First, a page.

Residents of Wagga's northern suburbs have called for a plan to ease Gobbagombalin Bridge's traffic issues amid a government prediction that the river crossing will reach capacity in as little as six years.
The NSW government's unveiling of plans for traffic lights at either end of the bridge has renewed debate on how to manage traffic between growing suburbs and a majority of the city's schools and workplaces.
The Roads and Maritime Services' Olympic Highway intersection upgrades preferred options report found peak hour traffic had been growing by more than 11 per cent a year.
The report found that the bridge's capacity for "acceptable operation" would be reached "based on current growth, between 2026 and 2036".
Estella Progress Association president Mark Brown said he thought the Gobba Bridge could hit maximum traffic capacity within five years, but did not back other residents' calls to duplicate the crossing.
"In terms of finances, it's not a viable option ... it's easy enough to say 'just duplicate the bridge' but the amount of survey work and disruption would be quite untenable and unjustified," he said.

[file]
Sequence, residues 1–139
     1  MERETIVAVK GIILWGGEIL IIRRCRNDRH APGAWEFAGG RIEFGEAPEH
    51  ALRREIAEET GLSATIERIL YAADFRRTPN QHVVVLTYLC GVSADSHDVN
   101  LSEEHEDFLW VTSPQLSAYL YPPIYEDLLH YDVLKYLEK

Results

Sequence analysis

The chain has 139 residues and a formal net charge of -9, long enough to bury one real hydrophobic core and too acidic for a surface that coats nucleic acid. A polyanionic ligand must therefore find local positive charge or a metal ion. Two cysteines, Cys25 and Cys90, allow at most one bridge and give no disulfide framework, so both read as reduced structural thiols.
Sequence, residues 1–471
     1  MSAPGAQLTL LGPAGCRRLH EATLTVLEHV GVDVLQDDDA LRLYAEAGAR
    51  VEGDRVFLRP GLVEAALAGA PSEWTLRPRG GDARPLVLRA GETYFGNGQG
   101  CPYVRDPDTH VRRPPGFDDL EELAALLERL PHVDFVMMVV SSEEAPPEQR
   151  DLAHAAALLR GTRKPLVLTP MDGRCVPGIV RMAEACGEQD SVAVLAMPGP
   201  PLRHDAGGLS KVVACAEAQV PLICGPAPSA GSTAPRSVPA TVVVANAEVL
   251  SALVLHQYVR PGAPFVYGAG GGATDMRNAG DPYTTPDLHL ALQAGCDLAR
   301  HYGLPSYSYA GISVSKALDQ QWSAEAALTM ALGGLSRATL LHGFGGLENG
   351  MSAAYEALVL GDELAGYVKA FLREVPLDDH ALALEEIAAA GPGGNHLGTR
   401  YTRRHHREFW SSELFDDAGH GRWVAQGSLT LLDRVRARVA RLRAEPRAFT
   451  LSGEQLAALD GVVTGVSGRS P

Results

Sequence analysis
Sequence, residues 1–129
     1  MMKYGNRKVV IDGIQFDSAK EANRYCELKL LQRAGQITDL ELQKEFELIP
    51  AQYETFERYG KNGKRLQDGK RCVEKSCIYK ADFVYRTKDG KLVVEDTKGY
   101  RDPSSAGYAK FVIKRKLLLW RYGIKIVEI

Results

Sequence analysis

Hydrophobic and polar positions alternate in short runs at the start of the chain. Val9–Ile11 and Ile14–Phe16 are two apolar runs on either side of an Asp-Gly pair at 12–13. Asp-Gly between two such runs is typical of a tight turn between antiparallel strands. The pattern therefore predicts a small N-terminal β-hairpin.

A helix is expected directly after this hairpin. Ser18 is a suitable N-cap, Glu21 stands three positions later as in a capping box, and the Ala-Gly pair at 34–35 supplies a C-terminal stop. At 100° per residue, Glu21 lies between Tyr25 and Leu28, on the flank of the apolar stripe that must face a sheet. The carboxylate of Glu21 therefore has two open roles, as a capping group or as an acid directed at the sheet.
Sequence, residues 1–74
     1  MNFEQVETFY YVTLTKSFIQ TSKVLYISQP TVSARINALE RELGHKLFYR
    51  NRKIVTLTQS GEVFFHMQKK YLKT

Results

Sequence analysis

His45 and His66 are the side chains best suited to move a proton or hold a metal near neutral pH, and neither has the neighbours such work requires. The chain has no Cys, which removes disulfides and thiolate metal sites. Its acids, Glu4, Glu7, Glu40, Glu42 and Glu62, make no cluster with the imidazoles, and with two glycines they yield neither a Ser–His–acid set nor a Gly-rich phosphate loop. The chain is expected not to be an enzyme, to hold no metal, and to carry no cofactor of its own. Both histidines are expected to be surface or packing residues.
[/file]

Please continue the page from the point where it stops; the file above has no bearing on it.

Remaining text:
Mr Brown said the government should start looking at long-term options, including a potential alternate route to the northern suburbs.
"If we keep focusing our attention on Gobba Bridge as the sole avenue of approach into Wagga, of course we are going to end up with a bottleneck, it doesn't matter how many traffic lights or roundabouts you add," he said.
Committee 4 Wagga chief executive Alan Johnston said duplicating the bridge would at least match the original cost, which came to $49 million in 1997.
"It's not just the bridge, it's the approach roads and the intersections," he said.
"Duplication of the Olympic Highway on the northern side would need to be addressed, probably all the way up to Coolamon Road, and that's a pretty significant build cost."
Mr Johnston said he hoped the pending Wagga Future Transport Place plan, developed with the state government, would provide a way forward.
Wagga-based Nationals MLC Wes Fang said state support for industrial development at Bomen could see a shift in future traffic demands.
"Let's make these [intersection] improvements, let's see them in operation and then into the future we can see how we can better manage the traffic," he said.
"We are doing everything we can to assist putting industry and jobs on the north side of Wagga ... potentially many people won't have to cross the river at all, considering the tens of millions of dollars we are putting into the special activation precinct."